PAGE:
The man page for ptrace mentions this –

If the PTRACE_O_TRACEEXEC option is not in effect, all successful calls to execl(2) by the traced process will cause it to be sent a SIGTRAP signal, giving the parent a chance to gain control before the new program begins execution.

Which simply means that the debugger gets notified via the wait()/waitpid() system call just before the debuggee process starts. And there the debugger has its golden chance to modify the text/code section of the process being debugged.

It also means that while being traced the debuggee process will stop each time a signal is being delivered and the tracer (the debugger) will be notified at its next call of waitpid(). Hence, when the signal SIGTRAP is delivered to the debugee process, it will stop and the debugger will be notified, which is exactly what we want. We want the debuggee process to stop and the debugger get notified when the debuggee process executes the “int 3” instruction. The debugger gets the information about the cause of the stopping of the debuggee process from the status returned by waitpid().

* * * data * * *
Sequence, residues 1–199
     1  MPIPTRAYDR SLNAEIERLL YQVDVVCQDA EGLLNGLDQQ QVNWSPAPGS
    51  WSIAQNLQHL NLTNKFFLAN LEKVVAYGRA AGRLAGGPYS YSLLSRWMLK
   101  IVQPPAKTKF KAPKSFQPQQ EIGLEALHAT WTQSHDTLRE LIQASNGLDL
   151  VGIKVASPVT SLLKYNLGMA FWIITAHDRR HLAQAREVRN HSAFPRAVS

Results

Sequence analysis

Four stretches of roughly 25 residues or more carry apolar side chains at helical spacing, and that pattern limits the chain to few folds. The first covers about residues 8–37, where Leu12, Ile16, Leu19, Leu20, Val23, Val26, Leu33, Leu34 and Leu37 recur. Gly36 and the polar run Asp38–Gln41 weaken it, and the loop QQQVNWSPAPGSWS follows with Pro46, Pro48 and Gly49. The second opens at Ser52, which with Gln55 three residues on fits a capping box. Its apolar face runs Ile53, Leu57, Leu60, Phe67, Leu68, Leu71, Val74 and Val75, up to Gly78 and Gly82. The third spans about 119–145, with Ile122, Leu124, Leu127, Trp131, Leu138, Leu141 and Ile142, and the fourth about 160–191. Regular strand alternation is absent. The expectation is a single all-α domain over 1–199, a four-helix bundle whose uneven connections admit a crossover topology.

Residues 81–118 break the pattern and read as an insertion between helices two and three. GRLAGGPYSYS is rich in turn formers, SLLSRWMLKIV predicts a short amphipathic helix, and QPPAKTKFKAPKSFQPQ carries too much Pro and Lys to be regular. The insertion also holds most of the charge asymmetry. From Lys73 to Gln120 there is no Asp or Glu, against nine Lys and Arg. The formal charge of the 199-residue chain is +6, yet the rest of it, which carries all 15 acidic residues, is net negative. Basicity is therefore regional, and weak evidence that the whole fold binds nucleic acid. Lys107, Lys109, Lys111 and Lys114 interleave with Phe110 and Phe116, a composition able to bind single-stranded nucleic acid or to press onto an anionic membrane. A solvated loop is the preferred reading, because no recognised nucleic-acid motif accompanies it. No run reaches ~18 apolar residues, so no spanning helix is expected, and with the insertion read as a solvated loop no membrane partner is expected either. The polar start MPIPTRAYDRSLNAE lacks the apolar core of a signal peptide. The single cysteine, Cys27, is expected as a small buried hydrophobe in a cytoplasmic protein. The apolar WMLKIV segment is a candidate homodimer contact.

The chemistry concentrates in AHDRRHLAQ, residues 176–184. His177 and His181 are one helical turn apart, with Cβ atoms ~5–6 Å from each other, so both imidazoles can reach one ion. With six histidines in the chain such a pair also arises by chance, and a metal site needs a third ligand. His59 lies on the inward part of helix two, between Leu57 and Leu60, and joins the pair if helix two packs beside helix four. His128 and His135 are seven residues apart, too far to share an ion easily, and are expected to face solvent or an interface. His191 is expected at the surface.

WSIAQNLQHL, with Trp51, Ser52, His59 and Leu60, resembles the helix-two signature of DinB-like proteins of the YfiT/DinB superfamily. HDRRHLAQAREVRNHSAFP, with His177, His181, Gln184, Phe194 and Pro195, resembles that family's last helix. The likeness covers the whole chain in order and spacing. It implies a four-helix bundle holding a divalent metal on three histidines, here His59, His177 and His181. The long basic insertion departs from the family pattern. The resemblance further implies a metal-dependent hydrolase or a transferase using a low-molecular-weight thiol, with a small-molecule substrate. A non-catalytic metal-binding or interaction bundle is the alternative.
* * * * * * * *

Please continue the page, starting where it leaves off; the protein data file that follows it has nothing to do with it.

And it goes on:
The default behaviour of SIGTRAP is to dump core and abort the process but we can not debug a process if it’s killed. Can we? Hence the debugger ignores the SIGTRAP signal and causes the debuggee process to continue.

Here’s the code to set “int 3” instruction at the first byte of the address that contained the original instruction. As you can see, the same old ptrace() function is used to first get the original instruction at the address so that we save the original instruction to restore it later. And then the same old ptrace() function is used with a different flag PTRACE_POKETEXT to set the new instruction which has “int 3” at its first byte.